I have. And not as a pampered tourist but on business.

furthermore..the purpose, motivation, and actions of China are so far from those of the US

Not entirely. The US has more than one politician motivated by the thirst for power as evidenced by their actions.

where both governments are concerned – that there is no similarity in spite of any surveillance being peformed.

The similarities are steadily increasing and surveillance is only one example.

simply_truth says:

Re: Re: how different is the US from China?

Anyone who can’t see any similarities developing is both ignorant and blind.

both a wheelbarrow and a jet airplane have wheels, but that doesn’t mean they are near being similar.
if you’ve been to china, then you know of the complete control over its citizenry. the US is exerting more control than it ever has over its citizenry, but still is a far cry from china’s level of scrutiny.

The US has more than one politician motivated by the thirst for power as evidenced by their actions. The similarities are steadily increasing and surveillance is only one example.

every country has politicians with a thirst for power – however the level of power, control, and manipulation by the chinese government over its citizens is far from anything the US does. our form of government does and can protect against any remote similarities between china and the US ever becoming more than that. furthermore, the chinese cannot have hope because their system allows for no change. our system allows for change, and we’ll see that post this adminstration. any rational informed person can keep updated on the big picture and note the fluctuations without becoming a ‘chicken little.’

Anonymous Coward says:

“There is no greater mistake we of this generation can make than to imagine that the tendencies which in other countries have led to the nightmare of totalitarianism will, as they appear in our own midst, politely pause – out of some delicate respect for the American tradition – at a point where they would begin to affect our independence of mind and belief. The forces of intolerance and political demagoguery are greedy forces, and unrestrained. There is no limit to their ambitions or their impudence.”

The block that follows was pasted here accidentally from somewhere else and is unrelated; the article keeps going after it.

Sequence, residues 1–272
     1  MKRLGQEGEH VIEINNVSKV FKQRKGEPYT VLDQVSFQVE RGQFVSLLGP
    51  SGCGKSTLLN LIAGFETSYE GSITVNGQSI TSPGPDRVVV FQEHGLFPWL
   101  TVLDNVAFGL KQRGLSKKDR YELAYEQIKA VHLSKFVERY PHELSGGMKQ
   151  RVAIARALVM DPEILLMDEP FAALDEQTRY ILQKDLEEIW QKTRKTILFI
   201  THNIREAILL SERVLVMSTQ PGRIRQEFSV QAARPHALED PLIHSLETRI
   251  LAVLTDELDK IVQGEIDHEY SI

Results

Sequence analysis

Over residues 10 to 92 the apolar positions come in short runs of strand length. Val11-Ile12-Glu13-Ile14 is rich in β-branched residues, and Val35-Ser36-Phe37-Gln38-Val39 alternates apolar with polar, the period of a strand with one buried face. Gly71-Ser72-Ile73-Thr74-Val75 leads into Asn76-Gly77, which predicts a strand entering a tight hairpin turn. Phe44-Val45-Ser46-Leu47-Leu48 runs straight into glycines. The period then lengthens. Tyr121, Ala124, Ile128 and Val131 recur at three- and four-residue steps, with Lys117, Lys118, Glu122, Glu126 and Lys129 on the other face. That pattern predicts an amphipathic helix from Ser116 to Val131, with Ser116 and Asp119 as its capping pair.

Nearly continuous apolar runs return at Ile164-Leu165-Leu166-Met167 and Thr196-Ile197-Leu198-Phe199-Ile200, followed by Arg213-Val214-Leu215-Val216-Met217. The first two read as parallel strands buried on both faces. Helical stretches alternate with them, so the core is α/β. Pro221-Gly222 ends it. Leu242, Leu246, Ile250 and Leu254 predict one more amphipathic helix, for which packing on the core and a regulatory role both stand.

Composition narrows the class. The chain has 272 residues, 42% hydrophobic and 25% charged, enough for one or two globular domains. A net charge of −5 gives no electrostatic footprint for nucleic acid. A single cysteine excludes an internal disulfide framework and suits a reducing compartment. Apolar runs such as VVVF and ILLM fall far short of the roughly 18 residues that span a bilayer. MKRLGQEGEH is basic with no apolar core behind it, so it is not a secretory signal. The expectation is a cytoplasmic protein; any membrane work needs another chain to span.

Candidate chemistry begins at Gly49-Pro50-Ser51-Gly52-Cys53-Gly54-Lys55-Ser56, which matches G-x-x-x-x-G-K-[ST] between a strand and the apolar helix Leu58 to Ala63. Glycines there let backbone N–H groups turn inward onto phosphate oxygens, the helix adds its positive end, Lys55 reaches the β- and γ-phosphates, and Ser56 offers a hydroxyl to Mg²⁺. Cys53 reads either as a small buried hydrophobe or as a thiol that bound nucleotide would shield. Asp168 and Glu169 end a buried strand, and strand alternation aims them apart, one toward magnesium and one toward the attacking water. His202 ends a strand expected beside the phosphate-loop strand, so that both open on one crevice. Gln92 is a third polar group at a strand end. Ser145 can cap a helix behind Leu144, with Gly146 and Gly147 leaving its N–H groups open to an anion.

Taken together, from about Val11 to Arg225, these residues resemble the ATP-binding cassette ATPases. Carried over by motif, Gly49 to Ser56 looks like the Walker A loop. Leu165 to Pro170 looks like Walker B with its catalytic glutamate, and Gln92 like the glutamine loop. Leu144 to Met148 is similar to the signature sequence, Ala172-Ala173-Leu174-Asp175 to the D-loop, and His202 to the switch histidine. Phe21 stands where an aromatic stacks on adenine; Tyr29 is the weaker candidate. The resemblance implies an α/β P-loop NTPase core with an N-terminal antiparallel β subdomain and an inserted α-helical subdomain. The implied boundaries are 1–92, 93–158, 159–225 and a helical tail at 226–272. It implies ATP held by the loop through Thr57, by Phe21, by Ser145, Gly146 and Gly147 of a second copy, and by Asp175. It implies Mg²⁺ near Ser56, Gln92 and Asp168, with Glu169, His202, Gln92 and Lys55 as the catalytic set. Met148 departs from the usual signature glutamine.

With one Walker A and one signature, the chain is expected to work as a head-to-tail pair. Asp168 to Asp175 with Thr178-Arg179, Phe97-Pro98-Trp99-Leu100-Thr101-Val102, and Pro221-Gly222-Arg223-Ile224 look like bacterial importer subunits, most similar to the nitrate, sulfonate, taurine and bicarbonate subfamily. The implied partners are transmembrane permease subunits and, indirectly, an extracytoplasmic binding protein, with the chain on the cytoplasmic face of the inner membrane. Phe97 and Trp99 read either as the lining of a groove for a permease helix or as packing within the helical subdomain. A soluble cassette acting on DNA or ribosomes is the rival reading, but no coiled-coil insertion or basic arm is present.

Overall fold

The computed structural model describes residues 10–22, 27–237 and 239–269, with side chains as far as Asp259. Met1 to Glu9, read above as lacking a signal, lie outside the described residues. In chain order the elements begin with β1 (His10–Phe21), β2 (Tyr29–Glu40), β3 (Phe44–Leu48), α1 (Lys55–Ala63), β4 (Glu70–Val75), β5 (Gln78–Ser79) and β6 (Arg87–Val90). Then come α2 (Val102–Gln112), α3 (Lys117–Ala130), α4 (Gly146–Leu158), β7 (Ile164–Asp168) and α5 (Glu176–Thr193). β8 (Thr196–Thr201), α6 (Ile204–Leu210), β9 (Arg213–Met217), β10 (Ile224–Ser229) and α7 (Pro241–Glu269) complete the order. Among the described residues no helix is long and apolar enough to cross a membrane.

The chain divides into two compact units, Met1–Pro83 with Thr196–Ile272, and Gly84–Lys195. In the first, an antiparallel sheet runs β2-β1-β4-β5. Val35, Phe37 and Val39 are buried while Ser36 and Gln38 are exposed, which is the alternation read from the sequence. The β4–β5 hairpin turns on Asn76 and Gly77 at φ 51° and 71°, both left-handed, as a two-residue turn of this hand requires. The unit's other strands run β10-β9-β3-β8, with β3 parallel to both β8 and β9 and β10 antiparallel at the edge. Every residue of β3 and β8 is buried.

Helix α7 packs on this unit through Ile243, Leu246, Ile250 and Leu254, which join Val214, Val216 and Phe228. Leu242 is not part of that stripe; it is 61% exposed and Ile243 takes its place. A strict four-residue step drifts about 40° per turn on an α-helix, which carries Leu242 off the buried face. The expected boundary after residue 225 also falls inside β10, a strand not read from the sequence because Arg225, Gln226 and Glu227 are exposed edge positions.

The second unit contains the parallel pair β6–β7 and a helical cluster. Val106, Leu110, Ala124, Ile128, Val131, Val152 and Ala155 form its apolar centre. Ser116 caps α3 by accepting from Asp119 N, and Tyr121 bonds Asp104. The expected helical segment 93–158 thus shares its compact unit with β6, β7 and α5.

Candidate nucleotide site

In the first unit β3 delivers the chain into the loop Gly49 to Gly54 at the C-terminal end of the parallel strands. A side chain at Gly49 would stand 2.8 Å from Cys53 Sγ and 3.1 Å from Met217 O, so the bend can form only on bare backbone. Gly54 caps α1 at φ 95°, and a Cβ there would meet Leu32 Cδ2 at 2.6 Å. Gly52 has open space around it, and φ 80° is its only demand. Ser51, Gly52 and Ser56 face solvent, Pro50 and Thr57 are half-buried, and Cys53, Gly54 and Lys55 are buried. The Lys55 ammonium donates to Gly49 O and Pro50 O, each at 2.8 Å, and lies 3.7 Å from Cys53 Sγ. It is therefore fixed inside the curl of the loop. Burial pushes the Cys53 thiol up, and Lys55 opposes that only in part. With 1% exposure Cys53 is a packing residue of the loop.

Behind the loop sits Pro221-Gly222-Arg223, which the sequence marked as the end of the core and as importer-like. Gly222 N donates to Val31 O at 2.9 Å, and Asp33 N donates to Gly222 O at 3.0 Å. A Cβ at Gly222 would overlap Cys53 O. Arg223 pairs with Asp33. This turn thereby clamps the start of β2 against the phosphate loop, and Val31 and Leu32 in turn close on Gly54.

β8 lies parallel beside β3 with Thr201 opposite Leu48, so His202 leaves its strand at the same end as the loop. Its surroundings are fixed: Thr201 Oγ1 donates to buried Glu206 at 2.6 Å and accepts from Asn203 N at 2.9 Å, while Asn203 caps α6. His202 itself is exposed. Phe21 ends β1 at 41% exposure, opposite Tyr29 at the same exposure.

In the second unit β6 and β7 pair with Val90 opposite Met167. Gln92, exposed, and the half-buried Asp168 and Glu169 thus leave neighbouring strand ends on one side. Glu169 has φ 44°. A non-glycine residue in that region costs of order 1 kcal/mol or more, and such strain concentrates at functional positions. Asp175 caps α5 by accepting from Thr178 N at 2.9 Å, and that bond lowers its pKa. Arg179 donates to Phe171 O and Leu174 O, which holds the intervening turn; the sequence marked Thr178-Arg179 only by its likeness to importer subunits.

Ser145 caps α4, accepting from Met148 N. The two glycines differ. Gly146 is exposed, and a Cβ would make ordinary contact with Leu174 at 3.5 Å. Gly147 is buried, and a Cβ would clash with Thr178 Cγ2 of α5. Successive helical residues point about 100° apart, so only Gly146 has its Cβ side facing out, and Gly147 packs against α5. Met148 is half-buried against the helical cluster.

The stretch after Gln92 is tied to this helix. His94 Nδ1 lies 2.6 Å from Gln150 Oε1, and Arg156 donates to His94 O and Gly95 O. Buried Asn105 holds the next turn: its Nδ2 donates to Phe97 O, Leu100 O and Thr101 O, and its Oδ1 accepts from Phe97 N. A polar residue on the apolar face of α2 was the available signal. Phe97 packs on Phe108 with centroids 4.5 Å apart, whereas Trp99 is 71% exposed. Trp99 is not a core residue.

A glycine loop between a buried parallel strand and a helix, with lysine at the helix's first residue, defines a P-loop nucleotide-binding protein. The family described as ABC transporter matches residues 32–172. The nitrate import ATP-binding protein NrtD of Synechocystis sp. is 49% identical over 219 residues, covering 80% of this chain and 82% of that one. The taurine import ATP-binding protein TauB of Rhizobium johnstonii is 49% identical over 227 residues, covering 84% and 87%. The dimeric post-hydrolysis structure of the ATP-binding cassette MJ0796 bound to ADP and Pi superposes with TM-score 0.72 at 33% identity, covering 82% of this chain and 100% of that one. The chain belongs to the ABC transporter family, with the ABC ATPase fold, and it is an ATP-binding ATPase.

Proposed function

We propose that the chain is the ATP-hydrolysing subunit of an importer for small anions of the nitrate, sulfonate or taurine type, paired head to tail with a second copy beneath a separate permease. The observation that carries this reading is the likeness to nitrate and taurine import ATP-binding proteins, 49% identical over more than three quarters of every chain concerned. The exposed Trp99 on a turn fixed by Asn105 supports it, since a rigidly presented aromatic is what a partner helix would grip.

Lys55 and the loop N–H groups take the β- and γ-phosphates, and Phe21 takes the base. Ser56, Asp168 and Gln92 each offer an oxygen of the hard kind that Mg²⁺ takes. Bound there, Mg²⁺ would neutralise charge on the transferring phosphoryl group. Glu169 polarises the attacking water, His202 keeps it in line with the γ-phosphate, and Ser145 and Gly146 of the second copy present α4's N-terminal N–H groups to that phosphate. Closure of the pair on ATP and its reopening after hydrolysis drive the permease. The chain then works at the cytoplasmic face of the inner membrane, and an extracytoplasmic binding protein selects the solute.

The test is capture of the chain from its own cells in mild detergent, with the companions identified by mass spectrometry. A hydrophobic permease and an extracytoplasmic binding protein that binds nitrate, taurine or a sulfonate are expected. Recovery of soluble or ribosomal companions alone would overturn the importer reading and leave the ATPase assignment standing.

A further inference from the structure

George Kennan, US Diplomat, scholar, author, called by many the “Conscience of America”

Bob Jones says:

The difference? One is a police-state by force, the other is becoming a police-state by choice.

The chinese people are probably not worried about Usama Bin Laden or some AfghanIraqIstans, they have no choise but the communist government … ofcourse in years to come, it will be harder and harder to keep them away from freedom – 1.1 billion people? You’d need an awful lot of power to achieve that, unlikely.

The US (and others) are walking into a police state by choice, how can you fight it if you don’t see it, from lowering crimes to spotting terrorists, surveilance will help us all! Ofcourse there won’t by any camera’s pointed at the people behind them, they won’t be watched to see if they do something wrong … Its happening on so many fronts, the ever creeping surveilance and government control – the terror front, the crime front, the “health” front (smoking bans, transfat, etc), the green front (how long until we all have allowances?) and there are probably more .. a multi-pronged approach that keeps erroding freedom.

The i-Team says:

Try living in the UK

We are possibly the most watched nation in the world, our government is bringing in a mandatory ID card scheme in the next couple of years which is costing us billions of pounds and the police may now be granted permission to keep suspects without charge for even longer than the 28days instituted a few years ago… And we are supposed to be one of the freest countries in the world!
Oh well at least our news reports how much of a police state we’re becoming…

|333173|3|_||3 says:

Re: Try living in the UK

THe problem is that the Sheeple will still vote for either Brown or Cameron (The Lib Dems would be worse than either of thesse two, and the others have no chance of winning). The Lord is (and largely already has) beeing turned into a rubberr stamp for the Commons, since Lords are to be appointed by the Commons, meaning that there will be virtually no checks or balances on the power of the government. At least with the old Lords, on a big enough issue a large fuss could be made even if it had been rammed throught the Commons (think of the Fox Hunting act).